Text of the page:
A scenario for Japan’s public finances

A few days back there were rumblings of dissatisfaction from the market about Ministry of Finance projected issuance:

Japan’s Bonds Drop a 4th Day After 20-Year Auction Demand Cools – Bloomberg.com

It’s possible that the new government will have to limit its borrowing for “stimulus” spending, as the demand for additional JGB’s is limited.

It seems to me the scenario would work like this:

Ministry of Finance has to raise rates to sell enough debt

Yen spikes short term due to the interest rate differential, crushing exports more

Increased rates mean the increased interest cost can’t be covered by new issuance

BoJ prints yen to cover debt burden; yen collapses as the market flees rapidly devaluing currency

My theory about yen movement is based on the idea that a rise in rates would attract money to Japan short term, but that over time the size of the government debt burden and the higher interest payments would require yen printing.

I could be completely off base.

This just hit Bloomberg:  Japan’s Bond Futures Fall as Fujii Signals Debt Supply to Rise – Bloomberg.com

“Japanese bonds fell after Finance Minister Hirohisa Fujii said the government will likely use debt sales to meet a tax revenue shortfall, raising concern increased supply will overwhelm demand.”

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3 Comments »

  1. ille_vir said

    interesting stuff. nice blog.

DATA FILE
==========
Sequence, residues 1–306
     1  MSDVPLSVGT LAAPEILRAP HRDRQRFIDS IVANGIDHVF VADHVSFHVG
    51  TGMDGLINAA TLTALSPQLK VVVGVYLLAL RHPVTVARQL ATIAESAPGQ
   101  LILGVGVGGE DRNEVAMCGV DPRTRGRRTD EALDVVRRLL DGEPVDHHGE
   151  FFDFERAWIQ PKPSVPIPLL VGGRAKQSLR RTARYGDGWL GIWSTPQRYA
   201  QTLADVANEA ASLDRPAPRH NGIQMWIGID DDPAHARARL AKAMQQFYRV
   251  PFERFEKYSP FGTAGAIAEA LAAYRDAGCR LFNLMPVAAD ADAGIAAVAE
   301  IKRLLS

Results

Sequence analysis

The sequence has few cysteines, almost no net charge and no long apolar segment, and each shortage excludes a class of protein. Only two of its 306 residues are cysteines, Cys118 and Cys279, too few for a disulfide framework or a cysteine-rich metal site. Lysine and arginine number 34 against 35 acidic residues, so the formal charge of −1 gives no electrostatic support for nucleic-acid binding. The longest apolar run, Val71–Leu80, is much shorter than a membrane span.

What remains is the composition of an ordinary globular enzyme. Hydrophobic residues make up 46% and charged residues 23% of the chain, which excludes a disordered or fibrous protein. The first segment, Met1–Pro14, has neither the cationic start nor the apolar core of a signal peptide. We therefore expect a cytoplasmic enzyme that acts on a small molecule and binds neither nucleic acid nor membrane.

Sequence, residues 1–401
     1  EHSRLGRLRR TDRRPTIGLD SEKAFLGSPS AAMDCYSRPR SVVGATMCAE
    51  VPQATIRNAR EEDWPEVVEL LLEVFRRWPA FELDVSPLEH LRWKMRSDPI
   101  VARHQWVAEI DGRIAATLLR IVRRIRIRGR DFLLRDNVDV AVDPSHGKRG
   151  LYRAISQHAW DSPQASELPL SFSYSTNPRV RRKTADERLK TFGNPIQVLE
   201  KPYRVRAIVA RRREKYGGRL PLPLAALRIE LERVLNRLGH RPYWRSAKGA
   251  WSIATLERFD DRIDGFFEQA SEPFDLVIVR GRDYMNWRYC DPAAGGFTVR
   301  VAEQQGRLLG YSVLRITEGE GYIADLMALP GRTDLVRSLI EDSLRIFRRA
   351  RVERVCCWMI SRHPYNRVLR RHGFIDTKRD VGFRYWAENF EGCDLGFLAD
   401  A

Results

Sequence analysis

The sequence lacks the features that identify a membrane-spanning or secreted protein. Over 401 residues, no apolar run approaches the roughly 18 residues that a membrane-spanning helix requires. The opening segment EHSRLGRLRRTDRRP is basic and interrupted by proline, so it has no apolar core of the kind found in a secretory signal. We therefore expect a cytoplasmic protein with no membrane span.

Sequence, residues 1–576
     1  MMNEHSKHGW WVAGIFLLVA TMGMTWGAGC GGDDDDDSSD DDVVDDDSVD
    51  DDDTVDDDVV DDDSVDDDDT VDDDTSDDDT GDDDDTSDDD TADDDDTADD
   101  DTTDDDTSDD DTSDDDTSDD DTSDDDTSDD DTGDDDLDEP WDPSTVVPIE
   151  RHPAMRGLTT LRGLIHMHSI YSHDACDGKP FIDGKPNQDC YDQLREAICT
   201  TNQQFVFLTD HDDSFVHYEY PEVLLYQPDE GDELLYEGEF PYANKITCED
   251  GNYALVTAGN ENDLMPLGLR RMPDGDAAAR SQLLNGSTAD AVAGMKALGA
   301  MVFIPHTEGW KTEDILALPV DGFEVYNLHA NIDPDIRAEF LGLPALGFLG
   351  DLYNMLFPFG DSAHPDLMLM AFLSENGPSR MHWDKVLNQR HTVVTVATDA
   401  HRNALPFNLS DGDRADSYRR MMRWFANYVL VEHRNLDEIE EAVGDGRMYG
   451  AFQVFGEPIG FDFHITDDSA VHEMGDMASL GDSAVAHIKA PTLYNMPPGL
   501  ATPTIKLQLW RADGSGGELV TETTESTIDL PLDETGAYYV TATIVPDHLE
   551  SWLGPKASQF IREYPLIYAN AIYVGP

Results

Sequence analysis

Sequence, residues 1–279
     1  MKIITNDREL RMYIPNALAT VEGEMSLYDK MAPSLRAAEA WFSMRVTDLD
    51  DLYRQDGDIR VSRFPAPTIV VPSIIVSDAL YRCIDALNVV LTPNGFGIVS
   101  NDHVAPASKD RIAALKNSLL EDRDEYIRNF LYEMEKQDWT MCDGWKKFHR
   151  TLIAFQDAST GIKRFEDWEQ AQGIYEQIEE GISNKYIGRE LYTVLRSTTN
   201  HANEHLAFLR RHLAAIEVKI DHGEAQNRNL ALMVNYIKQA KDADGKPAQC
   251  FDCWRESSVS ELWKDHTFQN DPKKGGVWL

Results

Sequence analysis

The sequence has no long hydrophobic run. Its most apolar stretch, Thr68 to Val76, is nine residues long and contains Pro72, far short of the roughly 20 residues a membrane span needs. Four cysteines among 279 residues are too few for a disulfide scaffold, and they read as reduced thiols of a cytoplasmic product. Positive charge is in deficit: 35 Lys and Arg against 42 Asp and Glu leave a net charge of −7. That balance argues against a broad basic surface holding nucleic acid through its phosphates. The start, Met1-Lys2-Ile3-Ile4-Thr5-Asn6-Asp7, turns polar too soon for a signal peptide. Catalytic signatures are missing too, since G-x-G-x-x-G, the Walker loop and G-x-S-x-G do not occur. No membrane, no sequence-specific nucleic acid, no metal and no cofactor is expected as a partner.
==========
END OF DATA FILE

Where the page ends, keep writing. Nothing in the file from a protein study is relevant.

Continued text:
2. Rajesh said

    The Japanese are twenty years into a deflationary depression. The idea that the Central Bank is going to wake up one morning and suddenly think “We could just monetize the debt.” seems a little far-fetched. The more likely scenario is the higher (real) interest rates will cause a higher Yen; which would lower employment in exporting industries (who were the main source of what job growth there was for the last fifteen years); this would cause a fall in tax revenues; which would cause interest rates to go higher; which would drive the Yen even higher; etc.

    A deflationary currency spiral is a real possibility in Japan. As we saw in the aftermath of Lehman Brothers, once markets move; they can move much faster than officials can react; especially if officials believe that certain things could never happen.

  3. rosethorn said

    Rajesh,
    I agree that inertia is an important element of Japan’s economic policy. The question of how far the yen will rise is key and I think that it’s possible that the BoJ might take note of the FRB’s actions and act to devalue.

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